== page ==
Any of the small aquatic snails commonly found among aquarium plants can be bred and used as a food source as well.

Most terrestrial snails do not breed quite as rapidly as do apple snails, and temperate species need a cool period (a refrigerator works well) of 2-4 weeks at 38-40 F if they are to reproduce. Most feed readily upon tropical fish flakes, fruit, vegetables and cuttlebone.

Roaches stimulate most geckos to feed; many also respond with enthusiasm to moths, beetles and other wild caught insects. Please see my article on Raising Orange-Spotted Roaches  for more information.

I believe it to be very important to offer a variety of invertebrates to bent-toed geckos. If at all possible, try to collect local insects…the Zoo Med Bug Napper is very useful to have on hand.

Leave food in the terrarium overnight, and offer grubs, mealworms, wax worms and the like in cups suspended above ground as opposed to releasing them in the terrarium.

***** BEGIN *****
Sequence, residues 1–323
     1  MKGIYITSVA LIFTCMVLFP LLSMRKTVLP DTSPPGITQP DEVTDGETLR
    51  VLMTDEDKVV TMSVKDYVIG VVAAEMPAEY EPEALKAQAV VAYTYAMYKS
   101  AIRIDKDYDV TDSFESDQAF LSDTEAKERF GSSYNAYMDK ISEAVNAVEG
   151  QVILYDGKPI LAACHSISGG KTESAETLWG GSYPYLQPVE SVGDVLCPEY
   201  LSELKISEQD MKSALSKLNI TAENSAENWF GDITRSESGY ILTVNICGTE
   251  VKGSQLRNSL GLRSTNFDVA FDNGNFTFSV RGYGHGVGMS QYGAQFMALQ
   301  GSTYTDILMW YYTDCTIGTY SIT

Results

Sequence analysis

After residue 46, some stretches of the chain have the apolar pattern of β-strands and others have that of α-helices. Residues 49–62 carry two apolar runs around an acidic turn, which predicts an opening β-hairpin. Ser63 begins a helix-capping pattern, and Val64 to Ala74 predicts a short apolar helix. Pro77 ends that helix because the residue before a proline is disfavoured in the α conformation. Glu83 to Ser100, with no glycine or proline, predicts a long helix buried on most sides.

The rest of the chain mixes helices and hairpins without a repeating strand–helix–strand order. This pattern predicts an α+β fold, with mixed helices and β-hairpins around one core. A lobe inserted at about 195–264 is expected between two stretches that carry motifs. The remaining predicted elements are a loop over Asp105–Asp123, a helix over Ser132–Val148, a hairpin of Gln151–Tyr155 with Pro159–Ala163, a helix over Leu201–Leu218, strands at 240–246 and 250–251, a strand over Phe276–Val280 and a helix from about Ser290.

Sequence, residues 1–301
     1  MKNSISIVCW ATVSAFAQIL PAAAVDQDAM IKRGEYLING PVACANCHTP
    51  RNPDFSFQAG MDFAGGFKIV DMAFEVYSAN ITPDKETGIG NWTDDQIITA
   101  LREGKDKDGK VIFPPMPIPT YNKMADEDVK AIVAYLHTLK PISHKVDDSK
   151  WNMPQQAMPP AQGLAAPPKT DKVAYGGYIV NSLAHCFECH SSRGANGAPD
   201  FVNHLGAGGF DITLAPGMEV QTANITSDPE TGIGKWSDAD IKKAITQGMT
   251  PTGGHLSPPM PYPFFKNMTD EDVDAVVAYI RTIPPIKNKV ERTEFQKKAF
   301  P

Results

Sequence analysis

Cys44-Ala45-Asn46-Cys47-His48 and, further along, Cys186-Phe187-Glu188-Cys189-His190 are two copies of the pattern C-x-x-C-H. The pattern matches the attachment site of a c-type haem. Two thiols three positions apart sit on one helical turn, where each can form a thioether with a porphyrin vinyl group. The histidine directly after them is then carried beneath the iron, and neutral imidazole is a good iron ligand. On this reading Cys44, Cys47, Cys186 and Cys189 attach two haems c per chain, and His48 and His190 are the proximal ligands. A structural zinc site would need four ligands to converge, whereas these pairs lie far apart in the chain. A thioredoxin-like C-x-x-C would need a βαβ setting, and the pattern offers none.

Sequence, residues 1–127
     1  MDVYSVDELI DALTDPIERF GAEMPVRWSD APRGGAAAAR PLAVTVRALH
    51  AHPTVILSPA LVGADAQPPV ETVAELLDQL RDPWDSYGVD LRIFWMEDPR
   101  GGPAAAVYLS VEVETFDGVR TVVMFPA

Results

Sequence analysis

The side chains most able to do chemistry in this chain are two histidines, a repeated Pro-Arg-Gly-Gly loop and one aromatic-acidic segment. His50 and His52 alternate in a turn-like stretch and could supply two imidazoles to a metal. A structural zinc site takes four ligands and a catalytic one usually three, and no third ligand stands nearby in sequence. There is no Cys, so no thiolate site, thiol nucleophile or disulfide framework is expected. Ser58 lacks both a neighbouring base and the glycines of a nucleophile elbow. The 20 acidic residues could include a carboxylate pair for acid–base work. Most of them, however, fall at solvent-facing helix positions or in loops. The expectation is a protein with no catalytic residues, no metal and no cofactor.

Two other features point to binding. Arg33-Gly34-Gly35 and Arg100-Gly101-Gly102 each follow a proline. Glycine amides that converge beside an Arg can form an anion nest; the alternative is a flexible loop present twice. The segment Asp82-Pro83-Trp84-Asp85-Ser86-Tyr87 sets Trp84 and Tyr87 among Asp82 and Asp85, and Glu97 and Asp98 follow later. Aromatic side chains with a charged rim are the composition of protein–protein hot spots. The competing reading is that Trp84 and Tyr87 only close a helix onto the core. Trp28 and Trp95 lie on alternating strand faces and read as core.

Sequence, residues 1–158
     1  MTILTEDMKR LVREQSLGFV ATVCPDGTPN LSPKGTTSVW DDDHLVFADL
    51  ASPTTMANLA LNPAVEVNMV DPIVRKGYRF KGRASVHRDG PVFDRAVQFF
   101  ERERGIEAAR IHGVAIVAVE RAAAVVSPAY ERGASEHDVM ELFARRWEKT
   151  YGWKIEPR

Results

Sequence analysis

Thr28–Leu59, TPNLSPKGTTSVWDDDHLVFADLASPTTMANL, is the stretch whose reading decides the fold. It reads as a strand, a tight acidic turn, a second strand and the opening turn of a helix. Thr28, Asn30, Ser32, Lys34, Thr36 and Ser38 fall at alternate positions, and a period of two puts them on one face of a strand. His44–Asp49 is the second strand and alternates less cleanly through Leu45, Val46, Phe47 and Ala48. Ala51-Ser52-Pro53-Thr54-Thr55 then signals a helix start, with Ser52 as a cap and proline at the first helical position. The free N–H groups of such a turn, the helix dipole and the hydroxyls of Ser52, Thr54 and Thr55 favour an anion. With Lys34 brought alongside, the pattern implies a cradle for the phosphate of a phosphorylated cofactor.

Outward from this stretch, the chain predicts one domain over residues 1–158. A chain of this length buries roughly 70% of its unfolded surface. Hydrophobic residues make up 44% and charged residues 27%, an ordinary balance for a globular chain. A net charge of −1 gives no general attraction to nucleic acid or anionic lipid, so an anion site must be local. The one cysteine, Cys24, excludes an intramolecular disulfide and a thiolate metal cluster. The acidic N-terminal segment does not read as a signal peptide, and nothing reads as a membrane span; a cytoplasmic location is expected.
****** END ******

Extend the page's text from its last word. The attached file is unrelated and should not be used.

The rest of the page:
Further Reading
Providing reptiles with a varied diet is always important, but never more so than when dealing with bent-toed geckos and other little-studied species. Please see my article Collecting Live food for Reptiles and Amphibians for some tips on providing your lizard with wild-caught invertebrates.

Image referenced from Wikipedia and originally posted by W.A. Djatmiko. Image is NOT the Giant Bent-toed Gecko, but a related species, Cyrtodactylus marmoratus.

Thoughts on Keeping the Giant Bent-Toed Gecko and Related Species

Bent-toed geckos (Genus Cyrtodactylus, i.e. C. louisiadensis and C. irianjayaensis) are becoming ever more popular in captivity but, while a fascinating group, their care is often fraught with difficulties, and there is a great deal of conflicting information being circulated. A recent note from blog reader Dave, upon whom I can always count for interesting comments and questions, brought these wonderful creatures to mind again.

Dave noted the scarcity of husbandry information regarding bent-toed geckos, and mentioned that his lizard, purchased as a giant bent-toed gecko, was not feeding with very much vigor. Following are some exerts from my response to Dave, along with a few additional notes.